Gust noted that he is not against sharing services or administrators with other districts. “I am all for it if we can save money by doing it and provide the same or better services to our community and students. We would need to do this carefully as to not burn our employees out with the added responsibilities,” he said.

Mistie Bowser

Mistie Bowser has lived in the Cedar Springs district for 10 years. She currently is unemployed, but her previous job was as an account executive in business sales. She said she has at least 10 years of experience in participating on boards or committees. She was on the Mothers Against Drunk Driving Kent County board, with the last 8 years holding the positions of Vice President and President. She also served on the Michigan Public Policy Committee that successfully got the blood alcohol content level of .08 passed, and is currently the spokesperson for this side of the state for Mothers Against Drunk Driving.
Bowser said she decided to run for the Cedar Springs School Board because she wants to ensure her four children get the best education possible. “I look forward to listening to my friends, neighbors and people in the community and sharing their ideas or opinions with the board so an educated decision can be given,” she said.
Bowser sees budget issues and class sizes as two major issues facing the district. “A couple of issues that I’m seeing is the obvious budget cuts and it seems that our students are the ones paying and I find it disheartening. I’m irritated by the size of classes that my kids are in and I feel that this is hindering our children. We need smaller class sizes,” she noted.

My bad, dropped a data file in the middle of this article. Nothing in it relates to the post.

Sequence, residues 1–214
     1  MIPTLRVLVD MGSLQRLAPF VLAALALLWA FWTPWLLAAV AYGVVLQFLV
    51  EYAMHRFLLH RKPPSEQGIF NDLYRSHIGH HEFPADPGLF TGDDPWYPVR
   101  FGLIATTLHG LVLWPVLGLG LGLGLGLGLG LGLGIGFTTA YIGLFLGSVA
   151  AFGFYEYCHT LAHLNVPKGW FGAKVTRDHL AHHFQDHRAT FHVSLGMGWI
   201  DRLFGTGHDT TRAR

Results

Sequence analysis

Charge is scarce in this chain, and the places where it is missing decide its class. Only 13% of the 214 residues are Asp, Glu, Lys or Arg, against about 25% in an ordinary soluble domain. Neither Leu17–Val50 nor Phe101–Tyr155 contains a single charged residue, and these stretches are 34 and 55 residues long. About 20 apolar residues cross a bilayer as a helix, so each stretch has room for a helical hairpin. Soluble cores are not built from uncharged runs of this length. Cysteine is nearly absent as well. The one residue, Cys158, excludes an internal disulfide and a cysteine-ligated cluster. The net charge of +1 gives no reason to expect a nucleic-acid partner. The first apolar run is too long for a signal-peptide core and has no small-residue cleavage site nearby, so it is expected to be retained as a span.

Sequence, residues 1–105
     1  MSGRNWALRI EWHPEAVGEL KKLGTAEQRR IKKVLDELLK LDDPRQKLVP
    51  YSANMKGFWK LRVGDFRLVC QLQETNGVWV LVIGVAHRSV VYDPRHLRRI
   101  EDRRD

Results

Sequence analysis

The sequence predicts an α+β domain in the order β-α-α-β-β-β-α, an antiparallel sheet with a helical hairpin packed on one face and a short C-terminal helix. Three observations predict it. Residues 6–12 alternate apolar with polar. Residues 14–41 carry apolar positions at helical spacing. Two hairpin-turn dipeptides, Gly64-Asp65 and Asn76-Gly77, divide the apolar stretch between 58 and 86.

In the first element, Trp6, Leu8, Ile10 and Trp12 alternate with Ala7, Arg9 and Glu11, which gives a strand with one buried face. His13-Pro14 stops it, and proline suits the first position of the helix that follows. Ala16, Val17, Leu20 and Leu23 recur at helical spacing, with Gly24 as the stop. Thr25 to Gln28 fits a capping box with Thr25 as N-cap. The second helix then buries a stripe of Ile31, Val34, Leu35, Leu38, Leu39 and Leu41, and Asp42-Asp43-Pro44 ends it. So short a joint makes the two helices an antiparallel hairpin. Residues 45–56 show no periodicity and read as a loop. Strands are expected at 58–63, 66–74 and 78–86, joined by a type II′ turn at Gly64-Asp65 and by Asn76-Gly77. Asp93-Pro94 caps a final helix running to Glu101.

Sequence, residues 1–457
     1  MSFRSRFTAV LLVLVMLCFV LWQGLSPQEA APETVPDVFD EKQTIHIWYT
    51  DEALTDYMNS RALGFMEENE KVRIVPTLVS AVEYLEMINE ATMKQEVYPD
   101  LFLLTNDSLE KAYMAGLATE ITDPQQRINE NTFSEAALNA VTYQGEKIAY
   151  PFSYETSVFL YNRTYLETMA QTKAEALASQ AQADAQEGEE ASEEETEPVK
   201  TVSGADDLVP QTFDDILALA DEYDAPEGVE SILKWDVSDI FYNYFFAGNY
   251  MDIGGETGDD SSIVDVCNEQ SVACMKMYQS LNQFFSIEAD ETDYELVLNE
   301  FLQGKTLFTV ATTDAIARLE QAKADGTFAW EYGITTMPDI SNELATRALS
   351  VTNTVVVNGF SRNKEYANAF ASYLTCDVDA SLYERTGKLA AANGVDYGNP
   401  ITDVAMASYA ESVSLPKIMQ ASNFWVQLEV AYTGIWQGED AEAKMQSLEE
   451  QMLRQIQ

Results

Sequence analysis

Bowser said she would have to research sharing services and administrators with other districts before giving an opinion.
Voters should vote at the city or township polling place where they usually vote. Polls normally open at 7 a.m. Call your local government agency for more information.

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City Council candidates bring drama to election


If one candidate wins, it may be a conflict of interest. Another candidate is facing legal charges. Another just wants to hold on to his seat. Welcome to this year’s Cedar Springs City Council election, where two four-year terms are up for grabs.

One seat is being vacated by Mayor Linda Hunt, who retired, and the other seat belongs to Charlie Watson, who is running to regain it. The other candidates are Pamela Medford-Conley and Arthur Tiethoff. Don’t forget to vote on Tuesday, Nov. 3.

Charlie Watson

Charlie Watson

Charlie Watson

This will be Charlie’s second term on the council, if elected. He has lived in the Cedar Springs area all of his life, other than when he was in the military. He graduated from Cedar Springs High School in 1982, and has an associates degree from Grand Rapids Community College. He has served as a firefighter at the Gerald R. Ford International Airport in Grand Rapids since 1990. He also served on the Cedar Springs Police and Fire Departments for 10 years.